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Great moments in copy desk history-III

It was an otherwise uneventful evening in May 1982. The copy desk at The Cincinnati Enquirer was at work on the first edition for the next day. Webb Matthews was reading the wires.

Webb was the sort of polymath who crops up on copy desks. He knew more about U.S. vice presidents (and had stronger opinions about them) than any man ought to. He was writing, in his free time, a verse drama in heroic couplets after the manner of Dryden. He shared a few pages of it one night in a bar; it was far from contemptible.

As wire editor, Webb was monitoring the incoming news from the wire services to which The Enquirer subscribed, alerting editors on the news desk to updates and breaking news.

Then the announcement came from the Associated Press that Hugh Beaumont, who played Ward Cleaver for 235 episodes of Leave It to Beaver, had died. Webb sang out, his voice carrying through the newsroom:

“June, I’m dead!”

 (If you’re under 40, ask your father why this is funny.)


Posted by John McIntyre at 10:41 AM | | Comments (4)


Alas, you have captured perfectly the morbid, grim, and brilliant [yes, I insist on that very unnewspaperish serial comma) aura of the newsroom. My own story: I was on the desk during the Jonestown tragedy. I was new at the "wire" desk (we actually had teletype machines). Turns out it was all speculation about mass suicides until someone discovered bodies. The discovery was around 1 or 1:30 a.m. The lament in the newsroom was that we had to break page 1.

I am under 40, so I did ask my father, who is definitely not under 40. He couldn't explain the humor.

Perhaps you would be willing?

I was afraid of this -- the treacherous slipperiness of pop culture allusions.

One of the cliches of "Leave It to Beaver" was that every time Ward Cleaver came through the front door of the house, he would sing out, "June, I'm home!"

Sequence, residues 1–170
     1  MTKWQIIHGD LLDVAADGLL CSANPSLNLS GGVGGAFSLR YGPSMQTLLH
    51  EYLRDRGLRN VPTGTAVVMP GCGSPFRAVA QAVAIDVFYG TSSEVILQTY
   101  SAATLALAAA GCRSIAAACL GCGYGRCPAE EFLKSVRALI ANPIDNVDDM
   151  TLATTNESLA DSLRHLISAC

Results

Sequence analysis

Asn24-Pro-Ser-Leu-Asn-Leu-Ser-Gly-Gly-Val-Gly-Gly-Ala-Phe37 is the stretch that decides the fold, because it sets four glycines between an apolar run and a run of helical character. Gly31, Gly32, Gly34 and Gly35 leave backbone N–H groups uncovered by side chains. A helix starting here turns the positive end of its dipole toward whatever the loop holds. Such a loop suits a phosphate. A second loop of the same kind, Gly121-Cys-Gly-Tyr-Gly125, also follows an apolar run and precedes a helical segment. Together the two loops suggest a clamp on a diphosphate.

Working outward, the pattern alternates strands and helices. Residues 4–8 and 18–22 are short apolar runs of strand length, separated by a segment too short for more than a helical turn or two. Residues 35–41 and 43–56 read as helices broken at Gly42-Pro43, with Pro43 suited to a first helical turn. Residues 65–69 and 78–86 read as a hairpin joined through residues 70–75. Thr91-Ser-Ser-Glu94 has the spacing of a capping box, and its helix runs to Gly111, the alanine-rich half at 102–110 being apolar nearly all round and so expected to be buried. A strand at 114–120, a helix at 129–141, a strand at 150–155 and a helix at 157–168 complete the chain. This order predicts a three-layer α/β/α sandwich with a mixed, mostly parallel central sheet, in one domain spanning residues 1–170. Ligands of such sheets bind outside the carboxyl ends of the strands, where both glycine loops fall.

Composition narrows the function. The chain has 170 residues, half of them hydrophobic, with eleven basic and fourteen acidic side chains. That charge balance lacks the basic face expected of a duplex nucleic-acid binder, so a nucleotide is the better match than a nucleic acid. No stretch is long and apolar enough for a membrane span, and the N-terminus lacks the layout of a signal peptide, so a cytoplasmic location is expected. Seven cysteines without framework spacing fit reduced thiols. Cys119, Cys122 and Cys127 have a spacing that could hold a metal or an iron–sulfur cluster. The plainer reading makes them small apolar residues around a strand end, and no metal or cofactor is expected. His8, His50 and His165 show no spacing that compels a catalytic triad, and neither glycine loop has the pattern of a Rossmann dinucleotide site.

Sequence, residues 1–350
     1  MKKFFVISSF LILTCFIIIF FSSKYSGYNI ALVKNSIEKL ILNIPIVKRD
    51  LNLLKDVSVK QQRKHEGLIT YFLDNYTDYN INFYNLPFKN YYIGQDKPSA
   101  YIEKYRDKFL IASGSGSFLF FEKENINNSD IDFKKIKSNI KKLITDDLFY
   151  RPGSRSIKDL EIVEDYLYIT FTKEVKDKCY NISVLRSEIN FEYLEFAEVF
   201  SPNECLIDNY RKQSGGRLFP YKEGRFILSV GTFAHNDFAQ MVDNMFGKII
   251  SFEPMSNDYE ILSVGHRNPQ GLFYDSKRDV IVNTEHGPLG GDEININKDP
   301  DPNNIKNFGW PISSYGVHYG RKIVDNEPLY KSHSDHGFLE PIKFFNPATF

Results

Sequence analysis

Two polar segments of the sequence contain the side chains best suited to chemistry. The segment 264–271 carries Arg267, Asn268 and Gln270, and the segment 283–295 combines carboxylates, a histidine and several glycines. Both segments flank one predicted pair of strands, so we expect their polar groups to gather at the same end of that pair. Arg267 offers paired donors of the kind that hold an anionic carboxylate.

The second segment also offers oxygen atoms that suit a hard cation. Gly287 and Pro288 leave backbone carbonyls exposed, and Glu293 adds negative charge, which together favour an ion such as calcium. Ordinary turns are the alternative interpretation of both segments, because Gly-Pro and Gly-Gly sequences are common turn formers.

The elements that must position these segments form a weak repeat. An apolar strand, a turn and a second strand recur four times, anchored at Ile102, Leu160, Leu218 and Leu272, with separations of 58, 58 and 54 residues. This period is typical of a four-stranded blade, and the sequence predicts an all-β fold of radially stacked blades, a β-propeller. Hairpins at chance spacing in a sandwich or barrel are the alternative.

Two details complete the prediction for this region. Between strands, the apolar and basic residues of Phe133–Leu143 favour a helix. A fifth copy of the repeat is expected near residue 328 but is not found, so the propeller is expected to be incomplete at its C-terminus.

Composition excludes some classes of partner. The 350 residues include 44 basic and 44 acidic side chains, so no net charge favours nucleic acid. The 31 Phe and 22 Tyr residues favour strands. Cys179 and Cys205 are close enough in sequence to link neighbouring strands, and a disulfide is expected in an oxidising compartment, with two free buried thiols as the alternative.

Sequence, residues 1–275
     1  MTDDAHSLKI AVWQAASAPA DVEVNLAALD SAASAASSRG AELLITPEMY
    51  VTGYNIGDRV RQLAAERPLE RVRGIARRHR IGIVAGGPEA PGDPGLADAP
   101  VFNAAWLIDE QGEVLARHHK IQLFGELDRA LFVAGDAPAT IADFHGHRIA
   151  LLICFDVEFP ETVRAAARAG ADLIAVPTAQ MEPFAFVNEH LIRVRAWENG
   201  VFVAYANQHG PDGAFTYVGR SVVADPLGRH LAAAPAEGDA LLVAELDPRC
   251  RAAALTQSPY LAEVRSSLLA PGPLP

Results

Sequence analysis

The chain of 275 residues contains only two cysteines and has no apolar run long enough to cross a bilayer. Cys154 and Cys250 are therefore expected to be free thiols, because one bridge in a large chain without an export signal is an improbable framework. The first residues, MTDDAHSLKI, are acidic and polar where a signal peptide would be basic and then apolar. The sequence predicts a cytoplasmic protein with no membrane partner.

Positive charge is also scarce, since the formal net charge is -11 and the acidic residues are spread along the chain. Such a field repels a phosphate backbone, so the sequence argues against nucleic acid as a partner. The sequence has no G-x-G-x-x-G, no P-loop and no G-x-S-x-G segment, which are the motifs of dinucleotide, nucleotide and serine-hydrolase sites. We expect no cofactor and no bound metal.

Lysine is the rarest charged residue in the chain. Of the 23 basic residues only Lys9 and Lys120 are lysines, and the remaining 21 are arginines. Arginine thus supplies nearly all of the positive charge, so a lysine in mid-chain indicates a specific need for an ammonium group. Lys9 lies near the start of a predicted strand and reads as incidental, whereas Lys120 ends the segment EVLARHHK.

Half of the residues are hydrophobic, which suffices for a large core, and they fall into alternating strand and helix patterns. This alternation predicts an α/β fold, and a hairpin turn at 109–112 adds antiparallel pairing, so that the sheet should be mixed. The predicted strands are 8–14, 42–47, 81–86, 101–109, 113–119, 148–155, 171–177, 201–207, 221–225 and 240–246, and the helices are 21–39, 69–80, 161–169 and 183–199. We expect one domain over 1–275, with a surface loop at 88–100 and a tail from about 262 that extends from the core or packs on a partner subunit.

I'm gratful for the reminder of Charlie Stough, whose BONG [Burnt-Out Newspapercreatures Guild] bulletin I've followed for years. Charlie's "BONG Song" encapsulates the kind of mordant copy desk humor that I was describing. I quote from memory -- and those of tender heart or stomach should stop reading RIGHT NOW:

The obit man's in tears again.
He's been forever in that shirt.
He writes those lovely words
Before they cover you with dirt.
He knew his predecessor,
The old man who held his place.
Before the landlord found the corpse
The Airedale ate his face.

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About John McIntyre
John McIntyre, mild-mannered editor for a great metropolitan newspaper, has fussed over writers’ work, to sporadic expressions of gratitude, for thirty years. He is The Sun’s night content production manager and former head of its copy desk. He also teaches editing at Loyola University Maryland. A former president of the American Copy Editors Society, a native of Kentucky, a graduate of Michigan State and Syracuse, and a moderate prescriptivist, he writes about language, journalism, and arbitrarily chosen topics. If you are inspired by a spirit of contradiction, comment on the posts or write to him at
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